This pair of 1931 oddball Truck plates is part of the mystery series previously described here. Click the link to see a write-up of this mystery, but the short version is that these were made in anticipation of the 1931 truck issue, and made before the decision was made to revert to the R through Z series formats. So while 1931 truck plates did use the R through Z series, rather than discard the plates with these somewhat cryptic 2-letter suffixes as shown here, they were issued. These photos are from Worthpoint.
Nothing earth-shattering here, just some additional and better quality 1958 Truck plates. Where possible, I've tried to show plates both with and without the tab slot. If you're not familiar with this, the early plate runs had a slot to the left of the 58 intended to be used to mount a metal tab to validate the plate in future years. This never happened. Instead vinyl stickers were issued for later years, and later plates were issued, still marked 58, but minus the tab slot.
Here is a bright and shiny new high La Roche University plate from Bruce Bufalini. This name change from college to university was first seen on plate 00081 in November of 2019. The map outline was also seen at the same time; however, it is not known if both of these changes occurred together.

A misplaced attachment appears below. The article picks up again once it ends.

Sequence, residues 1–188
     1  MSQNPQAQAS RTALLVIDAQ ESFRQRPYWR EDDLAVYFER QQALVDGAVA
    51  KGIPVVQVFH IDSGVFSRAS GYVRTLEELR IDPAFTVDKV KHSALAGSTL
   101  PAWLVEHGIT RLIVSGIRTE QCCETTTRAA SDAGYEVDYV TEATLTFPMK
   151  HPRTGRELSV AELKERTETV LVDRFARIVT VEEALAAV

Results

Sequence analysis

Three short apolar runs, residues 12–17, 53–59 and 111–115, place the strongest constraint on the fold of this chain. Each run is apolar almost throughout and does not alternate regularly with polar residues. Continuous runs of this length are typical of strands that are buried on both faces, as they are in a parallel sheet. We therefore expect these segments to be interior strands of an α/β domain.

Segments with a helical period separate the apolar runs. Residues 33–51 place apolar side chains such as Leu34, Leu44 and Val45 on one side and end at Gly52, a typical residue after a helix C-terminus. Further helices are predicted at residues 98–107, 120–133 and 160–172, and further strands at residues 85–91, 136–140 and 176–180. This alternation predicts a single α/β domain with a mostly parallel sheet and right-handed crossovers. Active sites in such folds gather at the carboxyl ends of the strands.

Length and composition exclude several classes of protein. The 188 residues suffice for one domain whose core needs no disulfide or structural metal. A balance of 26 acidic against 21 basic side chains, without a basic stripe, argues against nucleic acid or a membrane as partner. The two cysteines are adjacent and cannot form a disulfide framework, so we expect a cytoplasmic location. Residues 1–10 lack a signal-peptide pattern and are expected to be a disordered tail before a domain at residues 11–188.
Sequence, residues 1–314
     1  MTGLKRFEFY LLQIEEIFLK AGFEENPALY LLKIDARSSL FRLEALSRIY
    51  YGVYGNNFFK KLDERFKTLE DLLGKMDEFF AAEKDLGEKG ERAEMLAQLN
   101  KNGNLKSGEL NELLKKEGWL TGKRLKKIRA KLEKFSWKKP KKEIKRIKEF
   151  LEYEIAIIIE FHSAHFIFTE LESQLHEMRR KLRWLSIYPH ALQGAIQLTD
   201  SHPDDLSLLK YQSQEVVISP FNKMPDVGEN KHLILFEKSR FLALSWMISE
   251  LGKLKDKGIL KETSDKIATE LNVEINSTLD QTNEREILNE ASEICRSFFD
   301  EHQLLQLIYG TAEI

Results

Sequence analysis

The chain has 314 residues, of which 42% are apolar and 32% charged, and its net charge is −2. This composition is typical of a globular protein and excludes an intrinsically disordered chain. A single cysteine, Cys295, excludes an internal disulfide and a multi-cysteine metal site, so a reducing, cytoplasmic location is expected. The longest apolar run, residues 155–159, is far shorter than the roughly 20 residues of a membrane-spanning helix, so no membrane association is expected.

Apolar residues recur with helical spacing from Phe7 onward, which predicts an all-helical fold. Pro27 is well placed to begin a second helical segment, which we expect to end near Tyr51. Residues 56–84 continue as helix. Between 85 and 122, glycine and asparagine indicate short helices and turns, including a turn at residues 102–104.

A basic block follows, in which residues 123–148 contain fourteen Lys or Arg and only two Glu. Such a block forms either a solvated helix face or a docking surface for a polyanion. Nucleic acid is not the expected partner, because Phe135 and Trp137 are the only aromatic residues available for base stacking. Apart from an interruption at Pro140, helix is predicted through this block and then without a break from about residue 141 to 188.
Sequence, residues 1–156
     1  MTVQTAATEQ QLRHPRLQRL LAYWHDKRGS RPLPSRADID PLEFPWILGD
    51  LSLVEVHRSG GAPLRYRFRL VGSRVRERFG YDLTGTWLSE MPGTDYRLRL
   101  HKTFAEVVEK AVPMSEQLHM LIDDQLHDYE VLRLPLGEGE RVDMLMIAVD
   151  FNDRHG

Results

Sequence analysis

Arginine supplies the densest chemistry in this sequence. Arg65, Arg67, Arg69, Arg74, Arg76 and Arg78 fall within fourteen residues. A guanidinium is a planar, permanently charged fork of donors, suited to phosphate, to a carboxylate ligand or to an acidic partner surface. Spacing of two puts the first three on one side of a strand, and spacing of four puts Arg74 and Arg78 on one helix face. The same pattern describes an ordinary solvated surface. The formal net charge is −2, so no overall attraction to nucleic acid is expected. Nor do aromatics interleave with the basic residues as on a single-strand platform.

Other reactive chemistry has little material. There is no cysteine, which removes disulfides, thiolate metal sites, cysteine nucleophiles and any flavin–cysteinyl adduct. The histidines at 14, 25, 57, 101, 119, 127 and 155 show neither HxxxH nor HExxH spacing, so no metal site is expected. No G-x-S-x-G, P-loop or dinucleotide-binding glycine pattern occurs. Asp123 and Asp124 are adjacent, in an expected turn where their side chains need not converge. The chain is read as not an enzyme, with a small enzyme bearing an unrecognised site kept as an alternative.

Here's the latest high number Municipal Government plate from Bruce Bufalini. The current series on the visitPA with map base started at M/G9000J, which was first seen in February of 2017. Once the L-suffix series is exhausted, the next series will advance to the M-suffix.
On the far left is a low number 1946 alpha-numeric Motorcycle plate. After the original numeric progression hit 9999, an alpha character was used in the first position. Next the E157 is a 1947 Motorcycle from the alpha series. Both of these plates are from Worthpoint.
This is a very nice 1947 Motorbike plate. This plate is from Worthpoint.
Here is a very well preserved 1911 Format 2 plate. This format included the series of 100 to 999. These 3-digit plates measured 6 inches by 10 inches. Almost 44-thousand plates were issued that year. The aluminum keystone is referred to the maker's mark, or VIN number in today's parlance. Thanks to Tim Gierschick for the photo.